Areas that have a tendency for duplicity or duplicate content (like a re-occurring sidebar, main navigation, etc.) do add significant ranking factor, but they are weighted less than keyword-rich anchor text (a link) higher up in the body text, contextually surrounded by other related text about the topic contained in the link.
Search engines use proximity to other modifiers and various other metrics to interpret which pages, products or links are the most important, but by theming your links, you give it the first impression (on page) which eventually aids creating the appropriate synergy for off page ranking factor.
Alt Attributes – Images that occur throughout a website provide an opportunity to reinforce the generic (top level navigation). Images using the alt attribute equate as links, so they can be tactfully woven into a page without throwing off the topic on that page and the alt (alternative attribute) is treated as anchor text.
If you have a shopping cart with 3000 items and you are not using your alt attribute to consolidate ranking factor, you are omitting the opportunity to add a vital layer to your SEO.
Each image with an alt attribute is a link, if you use different modifiers in those alt attributes, you can create term weights to support anchor text, navigation, sitemaps and inbound links to send a clear signal of that pages ranking intent.
You can achieve a ranking for a page (depending on the authority of the site) from a title tag, meta tag or alt attribute alone. Each metric aids the next, so, use them wisely to consolidate a reputable and relevant internal site architecture.
Combine them with other SEO techniques (like sitemaps, navigation, contextual linking, rss feeds to build backlinks, etc) and you can push aside competitors in the SERPs who omitted adding layers to their SEO.
With over 200 metrics being assessed and cross-referenced, each layer you fine-tune can push your page or site over the tipping point when search engines tally the score.
The first level (navigation and site architecture) and second level tiered approach (breadcrumbs, alt attributes, sitemaps ) are usually enough when coupled with proper titles, meta data and internal links. However sometimes you need more to make an impact.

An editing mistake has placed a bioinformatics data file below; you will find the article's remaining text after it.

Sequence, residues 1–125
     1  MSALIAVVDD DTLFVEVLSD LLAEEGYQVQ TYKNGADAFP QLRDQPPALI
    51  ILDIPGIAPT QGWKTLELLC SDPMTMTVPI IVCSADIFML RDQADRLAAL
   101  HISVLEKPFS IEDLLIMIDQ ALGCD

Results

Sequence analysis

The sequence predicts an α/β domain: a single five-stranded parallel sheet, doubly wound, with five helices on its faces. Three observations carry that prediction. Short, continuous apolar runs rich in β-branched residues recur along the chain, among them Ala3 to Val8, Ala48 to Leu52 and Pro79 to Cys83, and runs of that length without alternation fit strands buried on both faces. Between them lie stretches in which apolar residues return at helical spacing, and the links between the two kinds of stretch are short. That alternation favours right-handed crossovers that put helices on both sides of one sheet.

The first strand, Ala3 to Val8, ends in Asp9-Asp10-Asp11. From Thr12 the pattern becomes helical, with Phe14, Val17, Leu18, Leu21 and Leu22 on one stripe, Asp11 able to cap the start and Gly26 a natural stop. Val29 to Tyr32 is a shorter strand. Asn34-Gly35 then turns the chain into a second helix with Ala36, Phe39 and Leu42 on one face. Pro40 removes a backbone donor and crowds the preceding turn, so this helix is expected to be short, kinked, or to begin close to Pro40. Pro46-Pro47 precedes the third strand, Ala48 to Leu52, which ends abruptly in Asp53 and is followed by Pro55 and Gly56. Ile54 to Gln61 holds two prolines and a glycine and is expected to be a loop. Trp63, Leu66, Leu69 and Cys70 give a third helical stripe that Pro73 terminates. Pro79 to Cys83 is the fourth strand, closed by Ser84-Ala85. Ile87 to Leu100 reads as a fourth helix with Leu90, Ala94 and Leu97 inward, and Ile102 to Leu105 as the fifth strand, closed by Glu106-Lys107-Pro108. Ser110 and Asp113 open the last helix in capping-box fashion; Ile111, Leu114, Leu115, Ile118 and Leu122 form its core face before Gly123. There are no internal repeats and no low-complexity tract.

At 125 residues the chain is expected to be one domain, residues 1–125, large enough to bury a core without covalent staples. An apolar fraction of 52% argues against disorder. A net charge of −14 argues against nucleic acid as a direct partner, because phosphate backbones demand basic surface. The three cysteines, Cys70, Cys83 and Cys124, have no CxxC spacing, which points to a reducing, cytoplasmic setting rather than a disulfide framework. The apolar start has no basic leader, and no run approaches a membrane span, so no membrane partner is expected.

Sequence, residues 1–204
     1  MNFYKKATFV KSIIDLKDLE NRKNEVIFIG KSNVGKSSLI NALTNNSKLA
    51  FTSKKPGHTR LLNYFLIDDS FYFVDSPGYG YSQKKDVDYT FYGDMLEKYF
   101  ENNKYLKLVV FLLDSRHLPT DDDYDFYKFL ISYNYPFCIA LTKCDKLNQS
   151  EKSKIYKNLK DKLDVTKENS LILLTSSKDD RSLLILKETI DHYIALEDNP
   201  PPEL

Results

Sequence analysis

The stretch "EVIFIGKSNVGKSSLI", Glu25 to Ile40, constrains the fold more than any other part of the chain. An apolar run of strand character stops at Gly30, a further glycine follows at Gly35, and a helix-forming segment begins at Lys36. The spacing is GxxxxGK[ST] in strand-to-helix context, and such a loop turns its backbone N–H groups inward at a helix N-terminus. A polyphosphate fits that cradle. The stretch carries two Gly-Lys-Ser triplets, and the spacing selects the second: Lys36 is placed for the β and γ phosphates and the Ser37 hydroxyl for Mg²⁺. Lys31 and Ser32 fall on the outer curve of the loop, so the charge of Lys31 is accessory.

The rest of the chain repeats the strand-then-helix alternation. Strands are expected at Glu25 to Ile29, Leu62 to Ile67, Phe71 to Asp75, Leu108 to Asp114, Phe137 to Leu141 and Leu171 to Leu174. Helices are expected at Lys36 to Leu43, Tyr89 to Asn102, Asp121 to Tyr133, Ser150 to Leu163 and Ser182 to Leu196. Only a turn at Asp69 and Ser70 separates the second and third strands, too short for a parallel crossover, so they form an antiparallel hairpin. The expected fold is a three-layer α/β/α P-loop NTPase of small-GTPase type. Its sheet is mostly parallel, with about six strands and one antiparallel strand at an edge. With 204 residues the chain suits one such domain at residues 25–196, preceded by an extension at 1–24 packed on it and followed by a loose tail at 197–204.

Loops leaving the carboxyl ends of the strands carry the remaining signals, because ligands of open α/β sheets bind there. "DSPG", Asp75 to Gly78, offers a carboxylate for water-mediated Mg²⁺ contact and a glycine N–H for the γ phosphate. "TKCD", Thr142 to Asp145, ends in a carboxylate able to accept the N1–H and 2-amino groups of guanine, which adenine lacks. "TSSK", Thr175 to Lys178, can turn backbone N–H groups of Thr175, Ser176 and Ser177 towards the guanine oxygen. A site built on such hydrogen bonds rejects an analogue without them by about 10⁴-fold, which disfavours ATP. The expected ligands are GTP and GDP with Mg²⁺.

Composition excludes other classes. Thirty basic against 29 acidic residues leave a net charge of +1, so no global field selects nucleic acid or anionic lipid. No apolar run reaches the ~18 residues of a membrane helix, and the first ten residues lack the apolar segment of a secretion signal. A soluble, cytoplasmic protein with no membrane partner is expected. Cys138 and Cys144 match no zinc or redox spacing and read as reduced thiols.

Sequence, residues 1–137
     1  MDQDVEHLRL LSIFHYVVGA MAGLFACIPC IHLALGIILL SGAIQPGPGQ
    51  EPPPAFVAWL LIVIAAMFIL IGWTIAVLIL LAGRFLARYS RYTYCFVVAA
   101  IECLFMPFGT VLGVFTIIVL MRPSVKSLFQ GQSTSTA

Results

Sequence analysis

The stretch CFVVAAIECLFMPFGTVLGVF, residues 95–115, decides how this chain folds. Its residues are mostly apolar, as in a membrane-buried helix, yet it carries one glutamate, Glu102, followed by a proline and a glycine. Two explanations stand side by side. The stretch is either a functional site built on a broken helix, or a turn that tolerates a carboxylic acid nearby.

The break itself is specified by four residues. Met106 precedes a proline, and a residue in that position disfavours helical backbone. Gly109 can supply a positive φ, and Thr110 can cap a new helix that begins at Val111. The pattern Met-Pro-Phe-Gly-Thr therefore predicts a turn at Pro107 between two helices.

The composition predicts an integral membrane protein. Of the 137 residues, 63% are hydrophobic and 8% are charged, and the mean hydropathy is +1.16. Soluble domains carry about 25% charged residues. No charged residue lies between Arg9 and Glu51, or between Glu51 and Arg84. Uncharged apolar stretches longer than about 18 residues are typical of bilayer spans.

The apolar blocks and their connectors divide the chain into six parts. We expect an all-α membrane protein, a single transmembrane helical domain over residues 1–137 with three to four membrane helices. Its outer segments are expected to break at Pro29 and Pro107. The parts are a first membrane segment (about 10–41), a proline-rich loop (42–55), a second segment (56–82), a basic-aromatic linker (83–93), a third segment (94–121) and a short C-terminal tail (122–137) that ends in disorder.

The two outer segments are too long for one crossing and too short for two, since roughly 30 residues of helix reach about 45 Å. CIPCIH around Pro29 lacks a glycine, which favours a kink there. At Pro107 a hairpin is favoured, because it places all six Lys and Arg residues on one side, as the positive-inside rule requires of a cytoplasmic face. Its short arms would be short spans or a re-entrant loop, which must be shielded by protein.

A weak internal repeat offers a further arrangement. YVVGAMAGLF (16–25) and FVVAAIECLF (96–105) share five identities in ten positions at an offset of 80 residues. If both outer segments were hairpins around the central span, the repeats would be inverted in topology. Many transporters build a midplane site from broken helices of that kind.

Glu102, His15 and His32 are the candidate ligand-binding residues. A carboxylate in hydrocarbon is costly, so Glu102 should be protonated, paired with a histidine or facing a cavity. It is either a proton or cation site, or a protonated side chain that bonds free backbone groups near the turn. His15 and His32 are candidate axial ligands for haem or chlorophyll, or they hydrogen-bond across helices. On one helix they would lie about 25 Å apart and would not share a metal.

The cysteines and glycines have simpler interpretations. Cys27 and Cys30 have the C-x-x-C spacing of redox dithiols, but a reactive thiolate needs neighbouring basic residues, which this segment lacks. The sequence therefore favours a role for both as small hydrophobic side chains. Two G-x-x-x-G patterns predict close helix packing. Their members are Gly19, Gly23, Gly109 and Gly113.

The third level push
Deep link percentages – Deep links are links to a specific page and are the most significant way to alleviate the tendency for pages to go supplemental.
If a page receives more than 5 deep links from external websites, then it is typically considered “important enough” to appear in the top 1000 results as a contender for the context of the on page factors (what you say the page is about) and the off page factor (what others that link to you say about that page).
The first step is to get a page on the grid (in the top 1000) from there to break the top 100, then once it appears there, you can fine tune the page (by adding content, refining the contextual linking from other pages, tweak the titles or build additional inbound links) until the page is strong enough to topple the keyword in question.
An extremely competitive term may require thousands of deep links to rank. Each page has its own unique threshold depending on the industry, the size of the index (of that keyword or related keywords) as well as what the competition is like for the top 1000 results.
Deep linking is the method of choice for larger websites that have a tendency to exceed the ability to push link flow deeper into the site from the root. Based on how you manage the percentages of inbound links to specific pages determines their pecking order in the hierarchy.
If you cannot get links to a page, then build links to your links or use internal links to funnel link flow to the sitemap in the subfolder (to feed all of the pages simultaneously).
This alone can give them enough “popularity” to keep them out of the supplemental pages in search engines and thereby keep all of the SEO ranking factors present on those pages working on your behalf.